Calling Off the Bounty Hunters: Discrediting the Use of Alleged Anti-Kickback Violations to Support Civil False Claims Actions
As skyrocketing health care costs threaten the survival of federally funded health care programs, government prosecutors and private parties are frequently turning to the Civil False Claims Act' as their weapon of choice in waging the "war" on health care fraud and abuse. The False Claims Act is a powerful federal statute that creates liability for the submission of false claims to the federal government. In the health care industry, a typical false claims plaintiff asserts that a health care provider submitted a Medicare or Medicaid claim to the federal government which was "false" because the provider mischarged or overcharged the government. In these cases, the provider seeks to defraud the government by submitting false assertions or false data.
Recent revisions of the False Claims Act, however, have encouraged prosecutors and private parties to apply the Act to the health care sector in new and creative ways. One of these innovations is the "tainted claim." The tainted claim theory of False Claims Act liability asserts that a violation of a separate federal statute "taints," or makes false, claims subsequently filed with the government. In the health care arena, well-publicized tainted claims have involved allegations that a violation of the Medicare/Medicaid anti-kickback statute tainted a subsequently filed claim for Medicare or Medicaid reimbursement. This Note refers to these claims as "anti-kickback- based tainted claims." Under this new theory of liability, the initial anti-kickback violation renders a subsequent Medicare claim "false" no matter how medically necessary and competently administered the services were, or how bona fide the claim for payment actually is. Thus, the alleged violation of the anti-kickback statute makes a claim "false" not because the claim is incorrect, falsified, or misleading, but because the provider violated a separate federal law.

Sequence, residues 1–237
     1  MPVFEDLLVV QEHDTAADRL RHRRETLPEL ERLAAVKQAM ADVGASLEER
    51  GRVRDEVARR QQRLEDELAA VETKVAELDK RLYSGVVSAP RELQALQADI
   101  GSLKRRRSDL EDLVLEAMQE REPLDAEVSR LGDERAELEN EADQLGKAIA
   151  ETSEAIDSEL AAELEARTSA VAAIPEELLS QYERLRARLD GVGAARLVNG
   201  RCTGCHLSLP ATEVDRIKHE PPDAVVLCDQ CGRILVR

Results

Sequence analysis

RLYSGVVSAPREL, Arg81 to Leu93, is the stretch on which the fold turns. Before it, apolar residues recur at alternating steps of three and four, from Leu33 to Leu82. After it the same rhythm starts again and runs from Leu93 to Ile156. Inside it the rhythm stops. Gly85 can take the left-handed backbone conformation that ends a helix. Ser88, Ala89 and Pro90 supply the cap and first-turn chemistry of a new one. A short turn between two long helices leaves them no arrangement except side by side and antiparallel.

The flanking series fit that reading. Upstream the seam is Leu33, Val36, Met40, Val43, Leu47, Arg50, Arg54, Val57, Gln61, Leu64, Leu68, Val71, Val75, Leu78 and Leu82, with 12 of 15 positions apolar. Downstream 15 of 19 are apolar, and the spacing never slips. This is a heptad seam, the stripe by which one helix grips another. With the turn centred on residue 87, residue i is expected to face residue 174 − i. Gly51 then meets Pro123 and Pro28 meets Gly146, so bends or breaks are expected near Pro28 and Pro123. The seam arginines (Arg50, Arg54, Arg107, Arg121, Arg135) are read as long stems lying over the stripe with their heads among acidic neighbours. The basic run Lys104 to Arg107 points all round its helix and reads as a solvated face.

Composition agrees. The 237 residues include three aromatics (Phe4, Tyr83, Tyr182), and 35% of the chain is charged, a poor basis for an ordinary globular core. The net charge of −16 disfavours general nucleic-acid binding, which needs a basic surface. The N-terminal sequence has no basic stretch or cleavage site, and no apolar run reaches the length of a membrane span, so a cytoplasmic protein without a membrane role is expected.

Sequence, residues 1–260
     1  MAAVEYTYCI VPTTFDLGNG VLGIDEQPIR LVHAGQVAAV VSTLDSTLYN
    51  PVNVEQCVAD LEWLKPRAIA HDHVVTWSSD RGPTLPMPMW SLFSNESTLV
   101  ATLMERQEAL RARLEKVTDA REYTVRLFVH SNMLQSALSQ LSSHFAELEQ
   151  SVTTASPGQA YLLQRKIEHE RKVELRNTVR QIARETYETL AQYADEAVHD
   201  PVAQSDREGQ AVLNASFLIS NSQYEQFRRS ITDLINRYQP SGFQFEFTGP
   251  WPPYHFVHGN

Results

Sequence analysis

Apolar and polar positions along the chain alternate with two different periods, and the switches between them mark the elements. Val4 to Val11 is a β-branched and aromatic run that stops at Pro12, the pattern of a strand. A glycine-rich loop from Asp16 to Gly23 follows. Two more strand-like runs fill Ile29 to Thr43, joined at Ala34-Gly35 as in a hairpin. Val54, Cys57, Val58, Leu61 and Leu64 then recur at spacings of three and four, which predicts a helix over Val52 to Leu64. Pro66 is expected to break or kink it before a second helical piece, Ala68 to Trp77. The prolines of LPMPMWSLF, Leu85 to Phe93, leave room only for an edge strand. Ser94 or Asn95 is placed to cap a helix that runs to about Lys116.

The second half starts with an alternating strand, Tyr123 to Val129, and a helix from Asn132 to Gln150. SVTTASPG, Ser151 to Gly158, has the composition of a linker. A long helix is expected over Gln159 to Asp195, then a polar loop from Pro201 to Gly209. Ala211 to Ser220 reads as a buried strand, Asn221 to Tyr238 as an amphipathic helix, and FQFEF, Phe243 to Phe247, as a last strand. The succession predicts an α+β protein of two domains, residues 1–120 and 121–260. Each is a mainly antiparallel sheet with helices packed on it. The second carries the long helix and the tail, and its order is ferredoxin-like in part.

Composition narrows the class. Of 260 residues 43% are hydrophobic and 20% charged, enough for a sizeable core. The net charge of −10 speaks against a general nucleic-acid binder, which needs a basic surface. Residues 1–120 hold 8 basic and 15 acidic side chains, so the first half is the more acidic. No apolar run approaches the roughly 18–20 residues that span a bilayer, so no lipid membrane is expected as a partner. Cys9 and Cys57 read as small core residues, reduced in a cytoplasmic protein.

The first purpose of this Note is to highlight the existence of anti-kickback-based tainted claims and outline their development. Accordingly, Part II of this Note gives a brief summary of the False Claims Act and its qui tam provisions which allow private citizens to bring false claims actions on behalf of the government. Part III provides a similar overview of the Medicare/Medicaid anti-kickback